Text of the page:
Reverse Total Shoulder Arthroplastyadmin2019-08-08T20:29:33-04:00
Reverse Total Shoulder Arthoplasty
What Is Reverse Total Shoulder Arthroplasty?
What is a Reverse Total Shoulder Arthroplasty?
Currently, reverse total shoulder replacements are used to treat many different situations. These are patients with end stage shoulder arthritis combined with a massive unrepairable rotator cuff tear, or a complex shoulder fracture, or revision shoulder replacements which have failed.
A reverse shoulder replacement involves a special implant that places a metal ball where the socket used to be, and places a plastic socket where the ball used to be. Hence, the name “Reverse” Total Shoulder Arthroplasty. This type of replacement allows a patient to use there arm without the need of the rotator cuff muscles. The deltoid and pectorals major muscles become the main mover of the arm.
Which Patients Qualify for this Procedure?
This procedure is an alternative to living in pain. Typically, people who need this procedure have no other option as their shoulder isn’t functioning well. Patients tend to have significant arthritis, they can’t raise their arm, or can’t lift a gallon of milk out of the fridge because of a lack in strength. A reverse total shoulder arthroplasty is someones last option to regain function of the arm that they have been lacking for many years.
Also, a reverse total shoulder arthroplasty can be performed on patients who have a complex proximal humerus fracture that can not be treated with plates and screws called, an “open reduction, internal fixation” or “ORIF”.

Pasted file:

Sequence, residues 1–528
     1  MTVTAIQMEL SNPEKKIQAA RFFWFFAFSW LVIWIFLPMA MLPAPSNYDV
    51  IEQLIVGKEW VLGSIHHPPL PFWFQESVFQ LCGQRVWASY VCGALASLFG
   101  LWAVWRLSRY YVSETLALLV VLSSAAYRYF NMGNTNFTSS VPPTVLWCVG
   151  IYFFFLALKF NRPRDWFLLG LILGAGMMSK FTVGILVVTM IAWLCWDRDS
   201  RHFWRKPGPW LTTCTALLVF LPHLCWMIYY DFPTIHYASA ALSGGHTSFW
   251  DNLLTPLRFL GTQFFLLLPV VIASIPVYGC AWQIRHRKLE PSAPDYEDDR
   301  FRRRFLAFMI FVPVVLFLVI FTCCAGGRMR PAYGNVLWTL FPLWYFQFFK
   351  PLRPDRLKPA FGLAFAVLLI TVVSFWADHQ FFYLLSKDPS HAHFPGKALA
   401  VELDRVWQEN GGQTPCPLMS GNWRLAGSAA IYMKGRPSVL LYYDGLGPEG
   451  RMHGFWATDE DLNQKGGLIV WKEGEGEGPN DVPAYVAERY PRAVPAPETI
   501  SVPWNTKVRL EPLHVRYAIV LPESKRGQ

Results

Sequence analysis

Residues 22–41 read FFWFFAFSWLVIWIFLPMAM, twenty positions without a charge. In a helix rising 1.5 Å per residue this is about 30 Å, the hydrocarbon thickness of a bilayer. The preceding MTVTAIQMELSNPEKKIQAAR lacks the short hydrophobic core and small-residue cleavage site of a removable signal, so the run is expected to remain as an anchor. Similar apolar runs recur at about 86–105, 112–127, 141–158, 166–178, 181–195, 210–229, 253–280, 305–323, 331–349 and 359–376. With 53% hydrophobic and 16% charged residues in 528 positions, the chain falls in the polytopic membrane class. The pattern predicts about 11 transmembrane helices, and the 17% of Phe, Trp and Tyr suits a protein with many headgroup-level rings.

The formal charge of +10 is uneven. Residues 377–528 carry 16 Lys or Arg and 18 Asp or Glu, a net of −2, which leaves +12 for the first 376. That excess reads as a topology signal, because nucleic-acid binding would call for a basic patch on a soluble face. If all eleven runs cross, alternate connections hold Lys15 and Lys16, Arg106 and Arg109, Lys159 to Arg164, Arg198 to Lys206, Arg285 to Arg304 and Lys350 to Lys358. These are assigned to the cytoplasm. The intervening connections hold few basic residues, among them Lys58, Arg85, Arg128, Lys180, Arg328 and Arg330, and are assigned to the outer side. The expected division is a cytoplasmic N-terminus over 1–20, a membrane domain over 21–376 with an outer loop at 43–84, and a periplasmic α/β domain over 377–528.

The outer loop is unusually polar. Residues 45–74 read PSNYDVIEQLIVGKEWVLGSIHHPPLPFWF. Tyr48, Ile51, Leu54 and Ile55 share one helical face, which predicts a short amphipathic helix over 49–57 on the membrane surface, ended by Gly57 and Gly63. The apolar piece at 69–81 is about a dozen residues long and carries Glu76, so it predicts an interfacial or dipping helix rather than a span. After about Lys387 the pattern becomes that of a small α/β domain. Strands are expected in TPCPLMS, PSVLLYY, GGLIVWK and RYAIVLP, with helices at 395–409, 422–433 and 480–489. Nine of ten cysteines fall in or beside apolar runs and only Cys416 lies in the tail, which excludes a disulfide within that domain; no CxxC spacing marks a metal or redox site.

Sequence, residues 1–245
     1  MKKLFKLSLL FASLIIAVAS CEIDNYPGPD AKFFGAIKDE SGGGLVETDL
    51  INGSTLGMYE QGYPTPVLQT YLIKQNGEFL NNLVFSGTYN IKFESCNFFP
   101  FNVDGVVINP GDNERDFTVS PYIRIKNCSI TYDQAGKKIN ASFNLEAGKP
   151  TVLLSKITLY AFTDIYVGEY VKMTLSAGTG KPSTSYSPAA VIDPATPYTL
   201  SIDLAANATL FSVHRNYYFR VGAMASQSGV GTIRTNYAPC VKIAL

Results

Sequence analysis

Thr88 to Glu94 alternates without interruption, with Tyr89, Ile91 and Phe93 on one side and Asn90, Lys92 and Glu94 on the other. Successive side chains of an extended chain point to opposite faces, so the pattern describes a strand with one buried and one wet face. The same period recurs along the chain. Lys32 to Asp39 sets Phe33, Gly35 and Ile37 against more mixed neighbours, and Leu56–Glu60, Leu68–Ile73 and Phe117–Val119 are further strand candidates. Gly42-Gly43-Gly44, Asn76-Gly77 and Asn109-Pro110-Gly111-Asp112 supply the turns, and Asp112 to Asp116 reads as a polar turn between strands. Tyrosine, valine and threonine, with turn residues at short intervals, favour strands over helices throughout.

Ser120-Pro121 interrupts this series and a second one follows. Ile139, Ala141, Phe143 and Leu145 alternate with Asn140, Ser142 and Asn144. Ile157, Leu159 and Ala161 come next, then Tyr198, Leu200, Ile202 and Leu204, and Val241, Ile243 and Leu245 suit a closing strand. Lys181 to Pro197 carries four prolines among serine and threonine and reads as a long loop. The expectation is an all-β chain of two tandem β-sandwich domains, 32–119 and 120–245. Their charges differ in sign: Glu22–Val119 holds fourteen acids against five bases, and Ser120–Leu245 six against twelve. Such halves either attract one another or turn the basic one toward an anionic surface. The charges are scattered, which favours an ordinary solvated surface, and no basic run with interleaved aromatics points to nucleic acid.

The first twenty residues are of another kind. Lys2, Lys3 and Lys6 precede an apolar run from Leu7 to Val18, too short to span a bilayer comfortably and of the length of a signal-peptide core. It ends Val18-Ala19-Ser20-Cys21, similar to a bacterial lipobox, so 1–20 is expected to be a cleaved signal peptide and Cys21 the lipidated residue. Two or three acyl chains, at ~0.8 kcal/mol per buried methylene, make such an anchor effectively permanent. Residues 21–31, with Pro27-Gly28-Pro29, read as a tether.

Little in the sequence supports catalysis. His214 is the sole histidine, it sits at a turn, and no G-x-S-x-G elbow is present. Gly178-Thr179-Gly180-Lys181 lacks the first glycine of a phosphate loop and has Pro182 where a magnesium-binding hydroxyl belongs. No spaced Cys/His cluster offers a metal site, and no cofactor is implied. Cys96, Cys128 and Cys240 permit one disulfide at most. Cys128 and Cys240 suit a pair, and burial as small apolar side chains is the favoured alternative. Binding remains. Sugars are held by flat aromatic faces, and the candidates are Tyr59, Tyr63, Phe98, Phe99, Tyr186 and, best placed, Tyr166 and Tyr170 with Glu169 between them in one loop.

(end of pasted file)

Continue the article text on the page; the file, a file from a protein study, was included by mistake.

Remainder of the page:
When a proximal humerus fracture occurs, the fracture spreads through integral parts of the bone in which the rotator cuff attaches too. In this case, the fracture is compounded by a massive rotator cuff tear that can not be fixed.
What are My Restrictions Following Surgery?
Following a reverse shoulder replacemnt surgery, just like a traditional total shoulder arthroplasty, there are life long restrictions. We advise no lifting of greater than 25lbs. over head repetitively. Our goal is for the patient to regain 150+ degrees of range of motion (ROM). Typically, patients who are having this procedure lack significant functional shoulder motion. You may never have a restored ROM of 180 degrees (which is considered a full normal ROM) but our goal is to achieve ROM into a low shelf or cabinet with ease. Patients do achieve greater than a low shelf ROM on average, but this is never a guarantee.
Patients will also be restricted with ROM up the back or “Internal Rotation (IR)”. This could effect things like hooking/unhooking a brae or passing a belt with ease through belt loops. The reason for thisis that excessive IR puts the shoulder replacement in an unstable position and could dislocate. This is a rare occurrence when you stay within our guidelines, restrictions and rehabilitation plan. Ultimately, these are a few limitations to consider and in general, are minimal when the alternative is pain free living.
What Hobbies/Activities can I Do?
We encourage our patients to stay as active as possible. However, doing things that place significant stress onthe shouldergreater than 25lbs. is discouraged. Things like push-ups or pull-ups or weight lifting greater than our weight restrictions could lead to a wearing-out of the replacement. Folks are most than welcome to participate in things like gentle kayaking, bike riding, walking, running, hiking, and other low impact cardiovascular activities.